This past summer has proven to be a very active flu season – for dogs, that is. Pet owners, their canine companions and veterinarians across the country are on high alert against canine flu; areas including Florida, New York City, Philadelphia and Denver have all been particularly hard hit by the flu.
Help is on the way, though. This May, the U.S. Department of Agriculture approved the first vaccine for canine influenza. The vaccine is now available from your veterinarian.
Canine influenza is an extremely contagious respiratory infection. Signs of the infection include cough, sneezing, runny nose and, sometimes, a fever. Canine influenza bears a close resemblance to other canine respiratory illnesses and only diagnostic tests can confirm the presence of canine influenza. It was first discovered in 2004 and has so far been documented in 30 states.
Dog owners should be careful. If you notice your dog is coughing, sneezing, or has a runny nose you should not shrug it off as a little cold or even allergies. The early signs of canine influenza are coughing or gagging. Clinical symptoms such as coughing, runny nose, lethargy, depression, and a fever as high as 103-107 degrees typically appear within 7 to 10 days post exposure. The severe form of canine influenza can lead to viral pneumonia.
While highly contagious, the good news is that the virus is easily killed by soap and water, disinfectants and 10 percent bleach solutions. Transmission can be prevented by isolating all suspected dogs, thorough cleaning of all cages and exposed surfaces such as floors, kennels food dishes and bedding. Animal caretakers should be diligent about wearing disposable gloves or washing hands in between handling dogs and any urine, stool, or saliva, and before entering or leaving any facility that houses dogs.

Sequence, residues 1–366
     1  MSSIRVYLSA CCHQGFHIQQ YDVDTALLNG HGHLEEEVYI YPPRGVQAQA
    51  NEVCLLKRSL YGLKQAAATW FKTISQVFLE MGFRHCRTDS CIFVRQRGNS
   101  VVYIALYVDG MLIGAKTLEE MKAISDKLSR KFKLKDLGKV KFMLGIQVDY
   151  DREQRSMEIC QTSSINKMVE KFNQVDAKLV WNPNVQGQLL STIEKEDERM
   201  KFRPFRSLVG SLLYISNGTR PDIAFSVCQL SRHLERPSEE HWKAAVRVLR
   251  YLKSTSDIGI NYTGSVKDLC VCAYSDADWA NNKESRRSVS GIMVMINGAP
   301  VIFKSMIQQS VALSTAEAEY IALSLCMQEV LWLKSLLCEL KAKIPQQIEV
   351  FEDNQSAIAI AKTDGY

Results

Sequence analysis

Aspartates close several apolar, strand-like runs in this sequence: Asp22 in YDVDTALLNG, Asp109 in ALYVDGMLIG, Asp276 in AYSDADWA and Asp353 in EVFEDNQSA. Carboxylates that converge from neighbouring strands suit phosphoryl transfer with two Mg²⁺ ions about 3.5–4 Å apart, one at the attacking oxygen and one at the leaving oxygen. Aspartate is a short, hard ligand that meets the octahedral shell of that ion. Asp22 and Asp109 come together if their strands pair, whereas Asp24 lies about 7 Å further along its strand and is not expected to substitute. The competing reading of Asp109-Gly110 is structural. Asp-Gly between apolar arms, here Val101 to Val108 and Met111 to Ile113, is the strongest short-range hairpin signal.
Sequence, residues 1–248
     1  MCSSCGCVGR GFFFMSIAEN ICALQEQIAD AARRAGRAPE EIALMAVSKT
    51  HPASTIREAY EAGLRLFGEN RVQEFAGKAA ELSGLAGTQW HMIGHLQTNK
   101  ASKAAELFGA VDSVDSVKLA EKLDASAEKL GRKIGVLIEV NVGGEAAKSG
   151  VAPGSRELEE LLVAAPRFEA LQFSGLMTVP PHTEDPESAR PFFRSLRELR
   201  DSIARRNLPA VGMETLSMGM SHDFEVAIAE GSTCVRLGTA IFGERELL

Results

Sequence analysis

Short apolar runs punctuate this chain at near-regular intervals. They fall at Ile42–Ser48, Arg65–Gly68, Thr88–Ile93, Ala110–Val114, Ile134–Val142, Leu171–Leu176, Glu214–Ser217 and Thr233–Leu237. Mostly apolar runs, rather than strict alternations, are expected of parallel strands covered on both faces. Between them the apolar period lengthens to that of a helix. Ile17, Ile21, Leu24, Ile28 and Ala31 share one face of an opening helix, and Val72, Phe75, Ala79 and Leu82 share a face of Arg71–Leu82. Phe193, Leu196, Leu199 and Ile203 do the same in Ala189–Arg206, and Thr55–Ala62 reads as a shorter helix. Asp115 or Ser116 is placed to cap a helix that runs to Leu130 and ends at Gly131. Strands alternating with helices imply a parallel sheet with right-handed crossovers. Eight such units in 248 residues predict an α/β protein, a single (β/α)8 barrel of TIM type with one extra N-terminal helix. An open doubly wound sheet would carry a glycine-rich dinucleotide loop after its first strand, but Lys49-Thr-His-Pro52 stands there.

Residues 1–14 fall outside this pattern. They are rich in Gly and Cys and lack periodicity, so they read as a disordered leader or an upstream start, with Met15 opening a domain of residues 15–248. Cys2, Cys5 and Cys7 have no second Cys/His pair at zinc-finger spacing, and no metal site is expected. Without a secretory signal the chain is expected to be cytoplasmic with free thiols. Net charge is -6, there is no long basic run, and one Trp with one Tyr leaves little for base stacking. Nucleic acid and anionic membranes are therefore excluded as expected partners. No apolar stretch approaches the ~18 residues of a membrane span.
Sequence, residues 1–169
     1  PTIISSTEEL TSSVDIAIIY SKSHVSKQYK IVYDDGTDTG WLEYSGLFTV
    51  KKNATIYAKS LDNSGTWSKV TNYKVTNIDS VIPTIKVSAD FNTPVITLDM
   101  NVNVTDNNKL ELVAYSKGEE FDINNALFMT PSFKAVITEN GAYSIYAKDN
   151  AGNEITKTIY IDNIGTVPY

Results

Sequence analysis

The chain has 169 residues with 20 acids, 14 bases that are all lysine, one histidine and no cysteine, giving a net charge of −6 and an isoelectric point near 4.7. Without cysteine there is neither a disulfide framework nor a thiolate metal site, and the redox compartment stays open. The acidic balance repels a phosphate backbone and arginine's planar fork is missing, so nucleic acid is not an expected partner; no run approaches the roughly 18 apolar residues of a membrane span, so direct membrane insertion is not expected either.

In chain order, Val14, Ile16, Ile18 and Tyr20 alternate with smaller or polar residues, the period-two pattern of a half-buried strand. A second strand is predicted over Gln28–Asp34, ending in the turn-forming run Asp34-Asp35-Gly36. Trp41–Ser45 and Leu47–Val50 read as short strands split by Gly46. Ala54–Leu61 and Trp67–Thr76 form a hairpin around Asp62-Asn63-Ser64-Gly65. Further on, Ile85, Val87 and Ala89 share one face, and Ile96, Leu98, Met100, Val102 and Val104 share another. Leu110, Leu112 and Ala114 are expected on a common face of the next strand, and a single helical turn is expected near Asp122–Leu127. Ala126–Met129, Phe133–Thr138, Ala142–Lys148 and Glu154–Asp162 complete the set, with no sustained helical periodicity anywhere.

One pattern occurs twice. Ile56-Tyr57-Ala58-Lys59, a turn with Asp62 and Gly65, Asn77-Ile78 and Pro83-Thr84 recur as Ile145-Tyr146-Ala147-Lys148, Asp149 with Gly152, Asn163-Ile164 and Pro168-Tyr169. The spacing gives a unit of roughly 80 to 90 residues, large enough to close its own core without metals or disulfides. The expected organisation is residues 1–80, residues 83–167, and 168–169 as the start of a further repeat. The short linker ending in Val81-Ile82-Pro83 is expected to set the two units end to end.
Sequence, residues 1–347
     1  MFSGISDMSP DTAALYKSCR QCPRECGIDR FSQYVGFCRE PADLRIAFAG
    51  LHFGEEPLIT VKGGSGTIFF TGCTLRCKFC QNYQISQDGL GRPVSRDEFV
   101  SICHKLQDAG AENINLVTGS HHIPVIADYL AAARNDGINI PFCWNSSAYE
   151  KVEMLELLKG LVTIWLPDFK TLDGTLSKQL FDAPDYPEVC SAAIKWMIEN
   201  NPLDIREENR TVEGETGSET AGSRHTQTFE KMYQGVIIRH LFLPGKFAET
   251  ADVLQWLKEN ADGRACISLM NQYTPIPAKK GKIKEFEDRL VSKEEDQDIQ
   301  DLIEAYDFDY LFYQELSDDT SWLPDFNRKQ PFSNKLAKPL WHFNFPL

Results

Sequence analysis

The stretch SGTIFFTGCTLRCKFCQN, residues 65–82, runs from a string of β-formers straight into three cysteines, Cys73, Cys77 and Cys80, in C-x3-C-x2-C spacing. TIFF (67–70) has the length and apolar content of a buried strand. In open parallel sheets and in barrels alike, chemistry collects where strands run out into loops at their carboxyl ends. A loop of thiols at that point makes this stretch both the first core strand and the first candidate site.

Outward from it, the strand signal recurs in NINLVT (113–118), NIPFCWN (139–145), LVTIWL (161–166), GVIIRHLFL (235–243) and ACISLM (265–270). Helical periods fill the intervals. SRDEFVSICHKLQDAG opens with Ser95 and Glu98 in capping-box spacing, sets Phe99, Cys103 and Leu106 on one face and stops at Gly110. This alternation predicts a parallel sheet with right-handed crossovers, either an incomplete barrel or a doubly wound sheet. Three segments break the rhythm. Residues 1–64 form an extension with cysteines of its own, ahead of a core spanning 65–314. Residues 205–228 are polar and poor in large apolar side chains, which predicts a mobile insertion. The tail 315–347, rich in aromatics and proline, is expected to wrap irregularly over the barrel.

Almost all dogs exposed to canine influenza become infected; about 80 percent fully develop the illness, while about 20 percent do not. Most dogs recover quickly; however, some dogs may contract pneumonia due to a secondary infection.
While the death rate for canine influenza is low, secondary infections and other complications can sometimes lead to death. It is spread wherever dogs are in close contact with one another. Dogs that stay at home or have limited contact with other dogs are at low risk.
Like the flu that you contract, canine influenza is mostly treated by providing supportive care while the virus runs its course. Antibiotics may be used if secondary infections develop. The canine influenza vaccine is a “lifestyle” vaccine and is recommended for dogs at high-risk of contracting the virus.
Canine influenza does not infect humans. If you feel that your dog has contracted canine influenza or if you would like to make an appointment to discuss the Canine Flu vaccine, call Central Broward Animal Hospital for an appointment. As the leader in veterinary services for the Plantation, Sunrise, Davie and Ft Lauderdale FL areas, our veterinarians and staff members understand the complete medical needs of your pets.